British expats in Spain and resident Brits who own property there – as well as Spaniards living in the UK – have seen a tiny light at the end of the ‘Brexit’ tunnel: a petition is due to be debated in Hansard over a possible second referendum on the country’s EU membership.
Now that the early falll-out of the UK’s bid to leave the Union has given a taster of what is likely to come – stock markets, shares and the sterling dropping, interest rates likely to rise and possible referenda on Scottish independence and Ulster/Republic of Ireland union under serious discussion – some Brexit voters, and non-voters who would have supported ‘Remain’, have started to wish they could go back in time.
A petition has been started on the UK House of Commons website started by Brit William Oliver Healey calling for another referendum in which the result will not be valid unless at least 75% of the eligible voting public takes part – as opposed to 72.1%, as was the reality – and at least 60% of the votes goes in one way or another.
Petitions started on the Commons web page need 10,000 signatures for the House to be legally obliged to reply, and a minimum of 100,000 for the issue to be debated in Hansard.
William Healey had beat the second goal by 50% within less than three hours of starting the petition and, at the time of going to press, it had netted 1.7 million signatures – exceeding the number of votes to remain in the EU.
As it stands, those not eligible to vote – Brits who have been outside the UK for 15 years or more, EU citizens residing in the UK, and anyone under 18 – and those who wanted to remain in the EU are set to be forced out of the 28-country bloc by just 51.9% of voters, who represent 17 million people in a country with a population of 62 million.
Statistics have since shown that the 18-44 age group was more likely to vote to stay in, whilst the 45-60 age group was evenly split and the over 60s overwhelmingly voted ‘out’ – meaning the ‘Brexit’ vote is unrepresentative of the workforce.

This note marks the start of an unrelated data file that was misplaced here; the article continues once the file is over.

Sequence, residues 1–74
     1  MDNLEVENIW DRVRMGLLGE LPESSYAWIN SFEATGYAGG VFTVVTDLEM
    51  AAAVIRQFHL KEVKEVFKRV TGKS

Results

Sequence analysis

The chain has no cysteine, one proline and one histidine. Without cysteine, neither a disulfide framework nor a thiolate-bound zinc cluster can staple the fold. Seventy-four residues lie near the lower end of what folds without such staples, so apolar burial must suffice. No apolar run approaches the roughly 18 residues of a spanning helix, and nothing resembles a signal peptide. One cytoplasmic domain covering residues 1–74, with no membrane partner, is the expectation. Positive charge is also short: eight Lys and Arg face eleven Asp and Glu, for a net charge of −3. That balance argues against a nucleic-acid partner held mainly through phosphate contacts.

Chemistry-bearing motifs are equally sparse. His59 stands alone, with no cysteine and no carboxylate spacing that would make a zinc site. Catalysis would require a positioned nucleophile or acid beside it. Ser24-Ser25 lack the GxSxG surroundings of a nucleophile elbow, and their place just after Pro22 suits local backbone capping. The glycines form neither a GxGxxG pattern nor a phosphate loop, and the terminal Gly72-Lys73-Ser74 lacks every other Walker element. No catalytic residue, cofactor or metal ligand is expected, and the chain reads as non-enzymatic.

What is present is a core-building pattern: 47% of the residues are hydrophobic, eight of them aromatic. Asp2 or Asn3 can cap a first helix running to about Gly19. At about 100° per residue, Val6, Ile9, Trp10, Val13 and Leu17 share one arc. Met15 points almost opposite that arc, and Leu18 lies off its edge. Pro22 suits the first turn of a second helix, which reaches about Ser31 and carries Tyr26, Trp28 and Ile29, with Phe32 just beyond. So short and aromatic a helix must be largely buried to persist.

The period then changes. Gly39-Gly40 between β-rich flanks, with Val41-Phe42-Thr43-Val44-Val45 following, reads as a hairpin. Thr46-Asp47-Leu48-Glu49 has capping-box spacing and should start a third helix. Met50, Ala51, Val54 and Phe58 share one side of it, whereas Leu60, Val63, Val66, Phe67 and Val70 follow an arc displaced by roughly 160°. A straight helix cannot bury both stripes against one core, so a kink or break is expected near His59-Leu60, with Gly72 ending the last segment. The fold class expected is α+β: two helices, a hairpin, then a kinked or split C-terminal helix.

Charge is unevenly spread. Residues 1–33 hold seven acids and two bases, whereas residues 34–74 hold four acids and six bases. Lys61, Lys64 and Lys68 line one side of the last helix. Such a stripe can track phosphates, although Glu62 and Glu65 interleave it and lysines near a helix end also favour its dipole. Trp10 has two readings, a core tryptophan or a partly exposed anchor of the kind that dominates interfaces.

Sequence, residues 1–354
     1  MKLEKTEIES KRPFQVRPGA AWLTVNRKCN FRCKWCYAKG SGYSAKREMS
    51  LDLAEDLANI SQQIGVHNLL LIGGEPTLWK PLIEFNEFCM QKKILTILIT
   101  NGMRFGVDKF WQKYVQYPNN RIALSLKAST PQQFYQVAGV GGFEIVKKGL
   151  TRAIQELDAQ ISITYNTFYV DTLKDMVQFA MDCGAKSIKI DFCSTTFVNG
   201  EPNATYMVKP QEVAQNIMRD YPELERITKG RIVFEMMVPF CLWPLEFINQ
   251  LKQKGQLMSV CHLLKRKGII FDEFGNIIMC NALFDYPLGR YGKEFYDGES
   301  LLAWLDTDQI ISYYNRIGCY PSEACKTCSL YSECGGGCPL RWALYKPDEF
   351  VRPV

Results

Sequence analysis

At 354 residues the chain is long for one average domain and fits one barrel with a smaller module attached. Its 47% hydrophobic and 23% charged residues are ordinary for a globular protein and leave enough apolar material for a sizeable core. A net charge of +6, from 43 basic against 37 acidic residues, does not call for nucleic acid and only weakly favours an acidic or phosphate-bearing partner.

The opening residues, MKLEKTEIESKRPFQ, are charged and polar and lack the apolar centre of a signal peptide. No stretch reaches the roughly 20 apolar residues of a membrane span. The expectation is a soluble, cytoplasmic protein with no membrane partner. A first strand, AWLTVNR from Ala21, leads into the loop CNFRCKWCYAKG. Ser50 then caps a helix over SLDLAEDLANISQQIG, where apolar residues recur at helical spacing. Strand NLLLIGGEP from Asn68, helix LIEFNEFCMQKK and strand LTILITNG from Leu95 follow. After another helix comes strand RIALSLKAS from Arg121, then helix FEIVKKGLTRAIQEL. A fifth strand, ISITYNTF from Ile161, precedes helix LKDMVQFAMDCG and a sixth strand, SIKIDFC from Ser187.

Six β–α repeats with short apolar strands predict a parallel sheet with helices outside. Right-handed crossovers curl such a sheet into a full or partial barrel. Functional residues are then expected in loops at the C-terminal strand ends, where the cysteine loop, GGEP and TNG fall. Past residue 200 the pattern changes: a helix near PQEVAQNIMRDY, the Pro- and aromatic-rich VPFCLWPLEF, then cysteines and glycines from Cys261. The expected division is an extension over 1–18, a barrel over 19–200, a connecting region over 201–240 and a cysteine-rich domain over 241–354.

And British expats in the EU, of whom at least a fifth officially and possibly a third or more unofficially are based in Spain, voted, in the majority, to remain, or would have done if they had been eligible, whilst 96% of Gibraltarians – many of whom work with people who live in Spain and commute – voted to stay.
The whole of Scotland, nearly 90% of London and two-thirds of northern Ireland wanted to stay – and a campaign titled ‘Scotlond’ has started, calling for the British capital and the northernmost region to band together and leave the UK in order to rejoin the European Union.
But even among those statistically more likely to vote ‘out’ – the over-60s based in the UK – those who have younger relatives, family or friends with connections or residence in Europe, or aspirations of retirement in the EU voted to stay, as did the very elderly who remember the Second World War first-hand and were reluctant to risk a break-up of what had since been an area of peace and teamwork, lest they and future generations suffered the same conflict these older voters had, themselves, lived through.
And UKIP leader Nigel Farage, who was not part of the official ‘Leave’ campaign, has admitted that the claim of the 350 million pounds a week the UK spent on EU membership being freed up for spending on the NHS was incorrect, and such a high amount of funding would never be available for British public services.